Buying REO property or a foreclosure in Chicago?
Just as with any property purchase, your wisest move is to hire a professional real estate agent.
If you have questions about real estate in Chicago, Illinois, call me
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What is an REO?
"REO" or Real Estate Owned are properties which have been foreclosed upon and are currently owned by the bank or mortgage company. This is not the same as a property up for foreclosure auction.
When buying a property during a foreclosure sale, you must pay at least the loan balance plus any interest and other fees accrued during the foreclosure process. You must also be willing to pay with cash in hand. To top everything off, you'll get the property totally as is. That may include existing liens and even current denizens that need to be thrown out.
A bank-owned property, on the other hand, is a much cleaner and attractive option. The REO property was unable to find a buyer during foreclosure auction. Now the lender owns it. The bank will handle the removal of tax liens, evict occupants if needed and generally organize for the issuance of a title insurance policy to the buyer at closing.
You should be aware that REOs may be exempt from typical disclosure requirements.
For instance, in California, banks do not have to give a Transfer Disclosure Statement,
a document that normally requires sellers to disclose any defects they are knowledgeable of.
By hiring Reflective Realty Inc, you can rest assured knowing all parties are fulfilling Illinois state disclosure requirements.
Is REO property in Chicago a bargain?
It is frequently thought that any foreclosure must be a steal and a possibility for guaranteed profit. This frequently isn't true. You have to be very careful about buying a REO if your intent is to make money off of it. Even though the bank is usually eager to offload it promptly, they are also looking to get as much as they can for it.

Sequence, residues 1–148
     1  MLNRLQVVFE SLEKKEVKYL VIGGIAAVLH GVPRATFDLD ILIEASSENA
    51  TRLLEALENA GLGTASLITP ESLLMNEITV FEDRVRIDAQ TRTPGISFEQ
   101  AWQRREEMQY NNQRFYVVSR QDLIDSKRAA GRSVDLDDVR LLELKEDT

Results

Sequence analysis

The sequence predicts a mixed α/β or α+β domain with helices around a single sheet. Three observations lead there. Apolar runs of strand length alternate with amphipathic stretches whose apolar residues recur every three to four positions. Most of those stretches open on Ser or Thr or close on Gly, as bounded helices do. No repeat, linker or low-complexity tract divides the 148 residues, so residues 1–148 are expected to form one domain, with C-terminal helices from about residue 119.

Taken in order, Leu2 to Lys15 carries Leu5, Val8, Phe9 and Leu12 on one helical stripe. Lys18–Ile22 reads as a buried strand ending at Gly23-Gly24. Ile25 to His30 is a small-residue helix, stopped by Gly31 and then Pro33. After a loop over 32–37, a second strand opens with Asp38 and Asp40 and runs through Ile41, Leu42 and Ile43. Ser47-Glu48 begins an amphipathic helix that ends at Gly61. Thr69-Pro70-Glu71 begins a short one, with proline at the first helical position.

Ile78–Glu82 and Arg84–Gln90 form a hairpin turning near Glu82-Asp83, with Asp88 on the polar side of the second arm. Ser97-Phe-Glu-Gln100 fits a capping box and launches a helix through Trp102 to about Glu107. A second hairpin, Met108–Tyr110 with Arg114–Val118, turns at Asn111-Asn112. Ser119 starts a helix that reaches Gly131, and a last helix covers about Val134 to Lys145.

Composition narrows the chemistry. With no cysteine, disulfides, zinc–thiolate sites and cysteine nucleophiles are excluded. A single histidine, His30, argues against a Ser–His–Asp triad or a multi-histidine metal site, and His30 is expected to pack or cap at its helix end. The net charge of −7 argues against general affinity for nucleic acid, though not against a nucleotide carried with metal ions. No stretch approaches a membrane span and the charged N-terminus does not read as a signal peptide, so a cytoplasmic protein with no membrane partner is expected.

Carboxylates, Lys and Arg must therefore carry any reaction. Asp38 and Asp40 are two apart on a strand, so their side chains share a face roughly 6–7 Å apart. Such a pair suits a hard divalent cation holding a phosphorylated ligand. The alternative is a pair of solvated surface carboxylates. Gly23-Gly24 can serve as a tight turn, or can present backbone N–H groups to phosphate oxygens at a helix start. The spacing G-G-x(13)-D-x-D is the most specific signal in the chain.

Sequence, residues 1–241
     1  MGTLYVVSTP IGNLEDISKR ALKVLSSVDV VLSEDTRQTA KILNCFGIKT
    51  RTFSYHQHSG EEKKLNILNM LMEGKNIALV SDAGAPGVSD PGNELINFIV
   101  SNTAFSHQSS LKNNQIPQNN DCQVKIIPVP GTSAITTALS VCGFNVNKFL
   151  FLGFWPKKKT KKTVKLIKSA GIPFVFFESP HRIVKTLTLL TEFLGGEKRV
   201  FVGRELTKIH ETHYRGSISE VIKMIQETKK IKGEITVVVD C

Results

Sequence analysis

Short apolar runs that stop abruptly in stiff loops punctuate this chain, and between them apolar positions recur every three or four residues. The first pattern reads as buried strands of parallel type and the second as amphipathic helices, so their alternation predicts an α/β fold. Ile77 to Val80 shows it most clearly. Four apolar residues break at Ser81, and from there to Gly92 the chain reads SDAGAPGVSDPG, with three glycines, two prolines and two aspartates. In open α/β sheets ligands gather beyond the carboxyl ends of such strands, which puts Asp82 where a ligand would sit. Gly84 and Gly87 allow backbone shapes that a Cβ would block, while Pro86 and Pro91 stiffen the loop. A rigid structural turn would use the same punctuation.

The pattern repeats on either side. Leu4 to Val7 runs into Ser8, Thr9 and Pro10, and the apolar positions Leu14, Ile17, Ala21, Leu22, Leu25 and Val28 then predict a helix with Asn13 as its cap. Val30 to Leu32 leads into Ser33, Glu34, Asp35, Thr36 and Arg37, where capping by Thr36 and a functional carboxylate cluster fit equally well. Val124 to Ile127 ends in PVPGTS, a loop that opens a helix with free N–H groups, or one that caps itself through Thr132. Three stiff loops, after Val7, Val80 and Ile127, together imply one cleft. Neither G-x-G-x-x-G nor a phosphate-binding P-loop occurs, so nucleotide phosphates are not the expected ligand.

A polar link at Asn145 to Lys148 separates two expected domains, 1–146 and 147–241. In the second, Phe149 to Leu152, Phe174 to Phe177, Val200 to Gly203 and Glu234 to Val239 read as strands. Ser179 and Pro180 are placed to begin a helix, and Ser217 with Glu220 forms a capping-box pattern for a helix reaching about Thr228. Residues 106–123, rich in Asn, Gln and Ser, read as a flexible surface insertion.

When pondering the value of a foreclosure, carefully analyze comparable sales in the neighborhood and be sure to take into account the time and cost of any repairs or remodeling needed to prepare the house for resale.
It is possible to find REOs with money-making potential, and many people do very well buying and selling foreclosures. But, there are also many REOs that are not good buys and may lose money.
Time to make an offer?
Most banks have a department dedicated to REO that you'll work with when buying REO property from them. Commonly the REO department will use a listing agent to get their REO properties listed on the local MLS.
Prior to making your offer, you'll want to contact either the listing agent or REO department at the bank and discover as much as you can about what they know about the condition of the property and what their process is for accepting offers. Since banks most commonly sell REO properties "as is", it may be in your best interest to include an inspection contingency in your offer that gives you time to check for unknown damage and cancel the offer if you find it.
As with making any offer on real estate, your offer may be more attractive if you can include documentation of your ability to pay, such as a pre-approval letter from a lender.
Once you've presented your offer, it's customary for the bank to counter offer. From there it will be up to you to decide whether to accept their counter, or offer a counter to the counter offer.
Realize, you'll be contending with a process that most likely involves a group of people at the bank, and they don't work evenings or weekends. It's typical for the process of offers and counter offers to take days or even weeks. Reflective Realty Inc is accustomed to these situations and will work to ensure there are no undue delays.